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Brain Images of African Infants Enable Research into Cognitive Dysfunction

by Bidita Debnath on  April 22, 2014 at 7:17 PM Research News   - G J E 4
In developing countries, brain activity of babies could be monitored from birth to reveal the first signs of cognitive dysfunction, using a new technique piloted by a London-based university collaboration.
 Brain Images of African Infants Enable Research into Cognitive Dysfunction
Brain Images of African Infants Enable Research into Cognitive Dysfunction
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The cognitive function of infants can be visualised and tracked more quickly, more accurately and more cheaply using the method, called functional near infra-red spectroscopy (fNIRS), compared to the behavioural assessments Western regions have relied upon for decades.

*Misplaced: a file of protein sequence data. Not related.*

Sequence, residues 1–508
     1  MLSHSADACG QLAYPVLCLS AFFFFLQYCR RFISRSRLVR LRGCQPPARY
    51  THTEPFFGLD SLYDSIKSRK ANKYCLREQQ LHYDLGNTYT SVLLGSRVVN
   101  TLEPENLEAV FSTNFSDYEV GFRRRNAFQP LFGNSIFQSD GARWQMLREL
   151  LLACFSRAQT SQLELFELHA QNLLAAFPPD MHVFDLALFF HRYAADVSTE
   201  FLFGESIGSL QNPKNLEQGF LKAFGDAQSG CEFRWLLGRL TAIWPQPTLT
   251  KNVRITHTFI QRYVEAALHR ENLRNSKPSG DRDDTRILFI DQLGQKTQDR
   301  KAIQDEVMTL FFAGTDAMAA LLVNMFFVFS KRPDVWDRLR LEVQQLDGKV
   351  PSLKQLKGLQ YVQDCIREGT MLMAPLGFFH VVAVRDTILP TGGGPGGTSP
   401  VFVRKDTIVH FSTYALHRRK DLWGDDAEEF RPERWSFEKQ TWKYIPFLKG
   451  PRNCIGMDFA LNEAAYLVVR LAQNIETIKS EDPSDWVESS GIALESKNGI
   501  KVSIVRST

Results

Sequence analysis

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Professor Clare Elwell, Professor of Medical Physics at University College London (UCL), said: "Brain activity soon after birth has barely been studied in low-income countries, because of the lack of transportable brain imaging facilities needed to do this at any reasonable scale. We have high hopes of building on these promising findings to develop functional near infra-red spectroscopy into an assessment tool for investigating cognitive function of infants who may be at risk of malnutrition or childhood diseases associated with low income settings."

Source: Eurekalert
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